* Ninkasi Total Domination IPA
* Double Mountain India Red Ale
* Hale's Ales Dublin Stout (nitro)

As you can see, it's a good mix of beers with one lager, two hoppy beers, two malty English-style ales and a stout. Ninkasi is the largest brewery represented here. It started in Eugene, Ore., in 2006, and has grown quickly by focusing on intensively hoppy ales. The extent of their reach — market penetration, in business-speak — is exceedingly impressive. They're everywhere in Oregon.

Hopworks Urban Brewery, known as HUB, is a Portland brewpub (with some bottling) that has won a slew of awards. Their beers are very well done, and HUB has gone as far as any brewery in emphasizing bikes and trying to minimize its environmental impact.

Double Mountain is the operation of two brewers who broke off from the much larger Full Sail in Hood River, Ore. I've heard a lot of good things about Double Mountain, and it wouldn't surprise me if the honeymoon involves a stop at the tap room (luckily, I've found a lady who's open minded about craft beer, particularly Belgians and dark beers).

It's indicative of the Northwest beer (and food) scene to have a menu like this. Some Durango restaurants, to their credit, have embraced local food and beer. (Seasons Rotisserie and Grill and Cocina Linda come easily to mind).

In places like Portland, menus with locally raised pork or leeks harvested nearby barely warrant a mention. It's assumed that if you care about your food, you do these things.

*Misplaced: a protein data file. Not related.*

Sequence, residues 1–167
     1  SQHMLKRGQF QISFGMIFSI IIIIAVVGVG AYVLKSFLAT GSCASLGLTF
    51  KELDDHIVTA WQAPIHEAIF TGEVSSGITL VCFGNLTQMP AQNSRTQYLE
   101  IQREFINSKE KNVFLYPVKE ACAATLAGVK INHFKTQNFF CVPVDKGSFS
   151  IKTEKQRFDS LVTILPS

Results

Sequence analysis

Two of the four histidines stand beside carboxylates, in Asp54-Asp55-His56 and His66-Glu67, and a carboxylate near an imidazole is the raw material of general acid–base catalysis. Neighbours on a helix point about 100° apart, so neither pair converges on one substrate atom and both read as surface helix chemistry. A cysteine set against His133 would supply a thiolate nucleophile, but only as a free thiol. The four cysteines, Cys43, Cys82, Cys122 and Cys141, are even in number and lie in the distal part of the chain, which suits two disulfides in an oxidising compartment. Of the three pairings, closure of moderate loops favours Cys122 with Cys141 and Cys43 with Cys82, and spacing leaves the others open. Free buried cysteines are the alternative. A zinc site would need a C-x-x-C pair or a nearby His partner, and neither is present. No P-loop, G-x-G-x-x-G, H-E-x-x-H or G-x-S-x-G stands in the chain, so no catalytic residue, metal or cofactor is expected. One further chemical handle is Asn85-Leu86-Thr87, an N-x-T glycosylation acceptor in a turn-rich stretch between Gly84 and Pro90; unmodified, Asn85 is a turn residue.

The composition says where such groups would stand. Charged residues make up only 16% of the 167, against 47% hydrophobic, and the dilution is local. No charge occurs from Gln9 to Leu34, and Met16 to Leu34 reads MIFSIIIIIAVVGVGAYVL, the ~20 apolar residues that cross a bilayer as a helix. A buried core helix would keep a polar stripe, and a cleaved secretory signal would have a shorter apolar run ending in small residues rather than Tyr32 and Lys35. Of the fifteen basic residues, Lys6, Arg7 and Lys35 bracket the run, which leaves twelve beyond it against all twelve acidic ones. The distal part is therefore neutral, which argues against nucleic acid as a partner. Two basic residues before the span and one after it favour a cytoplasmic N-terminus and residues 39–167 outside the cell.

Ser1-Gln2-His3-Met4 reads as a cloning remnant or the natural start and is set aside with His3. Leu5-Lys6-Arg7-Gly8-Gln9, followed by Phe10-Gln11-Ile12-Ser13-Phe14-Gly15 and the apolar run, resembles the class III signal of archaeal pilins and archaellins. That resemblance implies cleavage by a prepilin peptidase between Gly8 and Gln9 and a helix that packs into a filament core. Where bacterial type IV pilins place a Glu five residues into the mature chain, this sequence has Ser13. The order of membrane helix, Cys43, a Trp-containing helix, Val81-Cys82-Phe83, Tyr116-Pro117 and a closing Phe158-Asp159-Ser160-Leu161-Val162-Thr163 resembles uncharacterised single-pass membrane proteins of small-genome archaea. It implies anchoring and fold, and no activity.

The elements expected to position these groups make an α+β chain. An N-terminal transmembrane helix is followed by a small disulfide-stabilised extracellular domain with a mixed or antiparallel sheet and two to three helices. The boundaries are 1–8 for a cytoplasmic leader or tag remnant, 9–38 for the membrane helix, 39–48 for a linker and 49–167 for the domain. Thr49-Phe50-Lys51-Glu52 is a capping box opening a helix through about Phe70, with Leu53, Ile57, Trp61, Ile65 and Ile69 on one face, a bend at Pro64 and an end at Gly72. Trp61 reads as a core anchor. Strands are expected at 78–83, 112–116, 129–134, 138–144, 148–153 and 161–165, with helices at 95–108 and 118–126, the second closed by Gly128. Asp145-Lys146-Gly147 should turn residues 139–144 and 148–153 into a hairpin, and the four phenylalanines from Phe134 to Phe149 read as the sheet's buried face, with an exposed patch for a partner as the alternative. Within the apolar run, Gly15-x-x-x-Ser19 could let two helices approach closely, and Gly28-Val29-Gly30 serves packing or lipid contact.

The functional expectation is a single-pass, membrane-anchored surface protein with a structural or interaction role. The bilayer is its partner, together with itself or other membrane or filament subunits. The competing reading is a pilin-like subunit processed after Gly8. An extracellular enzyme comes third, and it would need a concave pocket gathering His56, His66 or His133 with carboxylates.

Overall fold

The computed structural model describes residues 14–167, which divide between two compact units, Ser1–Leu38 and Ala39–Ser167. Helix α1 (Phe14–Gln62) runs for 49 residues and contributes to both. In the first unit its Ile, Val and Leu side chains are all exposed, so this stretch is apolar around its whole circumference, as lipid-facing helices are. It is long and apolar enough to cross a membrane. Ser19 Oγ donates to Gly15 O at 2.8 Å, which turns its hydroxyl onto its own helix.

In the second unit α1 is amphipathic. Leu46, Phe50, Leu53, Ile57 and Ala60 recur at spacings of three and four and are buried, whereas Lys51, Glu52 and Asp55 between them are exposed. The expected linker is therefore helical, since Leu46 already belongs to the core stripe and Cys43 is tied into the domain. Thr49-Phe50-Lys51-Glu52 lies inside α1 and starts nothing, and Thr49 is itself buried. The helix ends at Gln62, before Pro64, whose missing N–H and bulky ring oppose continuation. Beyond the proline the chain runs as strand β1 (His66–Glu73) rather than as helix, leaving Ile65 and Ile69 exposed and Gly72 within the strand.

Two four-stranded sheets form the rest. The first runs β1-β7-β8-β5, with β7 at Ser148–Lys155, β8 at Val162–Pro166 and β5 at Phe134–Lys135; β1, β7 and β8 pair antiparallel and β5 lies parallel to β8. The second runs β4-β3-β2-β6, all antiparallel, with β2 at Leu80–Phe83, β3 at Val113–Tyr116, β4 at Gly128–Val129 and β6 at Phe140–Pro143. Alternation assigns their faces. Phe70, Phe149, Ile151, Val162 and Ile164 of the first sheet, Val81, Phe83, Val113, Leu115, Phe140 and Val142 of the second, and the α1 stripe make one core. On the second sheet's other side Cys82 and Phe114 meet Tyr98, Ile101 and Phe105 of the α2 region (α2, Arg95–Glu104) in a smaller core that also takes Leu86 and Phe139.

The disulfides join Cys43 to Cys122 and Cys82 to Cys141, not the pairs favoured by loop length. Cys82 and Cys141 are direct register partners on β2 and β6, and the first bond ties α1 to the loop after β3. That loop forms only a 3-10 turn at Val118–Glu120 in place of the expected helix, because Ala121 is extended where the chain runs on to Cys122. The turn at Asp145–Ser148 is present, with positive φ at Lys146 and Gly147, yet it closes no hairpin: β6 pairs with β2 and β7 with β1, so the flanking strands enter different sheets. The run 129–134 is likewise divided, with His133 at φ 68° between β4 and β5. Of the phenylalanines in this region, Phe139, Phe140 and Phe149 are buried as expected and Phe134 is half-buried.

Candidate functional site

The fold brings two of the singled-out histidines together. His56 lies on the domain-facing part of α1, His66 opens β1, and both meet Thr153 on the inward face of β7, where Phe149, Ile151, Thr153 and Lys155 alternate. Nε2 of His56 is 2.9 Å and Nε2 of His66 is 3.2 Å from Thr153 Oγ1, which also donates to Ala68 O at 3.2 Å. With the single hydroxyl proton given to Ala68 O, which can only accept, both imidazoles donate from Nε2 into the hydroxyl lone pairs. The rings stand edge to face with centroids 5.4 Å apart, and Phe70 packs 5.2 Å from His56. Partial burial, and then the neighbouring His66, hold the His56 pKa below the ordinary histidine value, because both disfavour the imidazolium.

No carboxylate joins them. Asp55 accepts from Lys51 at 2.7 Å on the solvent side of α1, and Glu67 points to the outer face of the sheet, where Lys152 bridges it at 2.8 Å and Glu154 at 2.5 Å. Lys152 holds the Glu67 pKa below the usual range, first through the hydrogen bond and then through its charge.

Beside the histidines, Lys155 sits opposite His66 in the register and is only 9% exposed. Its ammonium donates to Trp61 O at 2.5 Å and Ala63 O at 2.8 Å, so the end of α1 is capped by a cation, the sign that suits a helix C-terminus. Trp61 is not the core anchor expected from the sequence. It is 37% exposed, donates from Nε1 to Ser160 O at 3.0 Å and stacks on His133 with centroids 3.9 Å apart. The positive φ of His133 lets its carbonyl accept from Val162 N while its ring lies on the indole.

P.S. Blogging around these parts might be light for the next two weeks. I might blog from the road, but I might not. It's a free country, as they say.

Tuesday, May 10, 2011

Ska to host beer dinner

I'm going out of town for a little while, so of course Ska Brewing Co. has decided to hold a beer dinner. This was after I harangued President Thibodeau to hold a beer dinner in Durango after seeing they had held similar events in Denver and Texas.

Oh, well, I suppose the show will go on without me.

For those of you who might actually be able to go, the dinner is Thurs., May 19 at the Palace Restaurant in downtown Durango. It includes a four-course menu at the Palace and dessert at the Back Space Theatre for a private screening of the documentary film I Am, which in which a film director finds an inspiring story — himself.

The menu (which you Facebookers can read here) features a Ska beer paired with each dish. The Ten Pin Porter paired with wild mushrooms and polenta in a truffle cream sauce sounds especially appealing.

The other beers used in the pairing are Mexican Logger, DIFF, Dubbel Blonde and Steel Toe Milk Stout.

Tickets are limited, so Ska suggests you stop by or call the tasting room to reserve your seats. Tickets cost $95 per couple or $50 per person.

Update: Ska's full list of American Craft Beer Week events is here. Also, the latest Ska Local Series beer, Big Shikes Orange Blossom Imperial Pilsner, is on the shelves in Durango in bomber bottles. It's also being tapped Monday at Old Chicago in Denver's LoDo neighborhood.

Thursday, May 5, 2011

Ska-B-Q launches today

Today marks the official beginning of summer-ish in Durango with Ska Brewing Co.'s first Ska-B-Q of the season.

Zia Taqueria is open again on the side of Ska's building, charging $2 for tasty little tacos. Mexican Loggers will also be $2 for the Cinco de Mayo event.

The band Ten Cent Raise will play some sort of tunes as drunken Americans celebrate some battle in Mexico a long time ago. Awesome.

It's a 5-7 p.m. thing.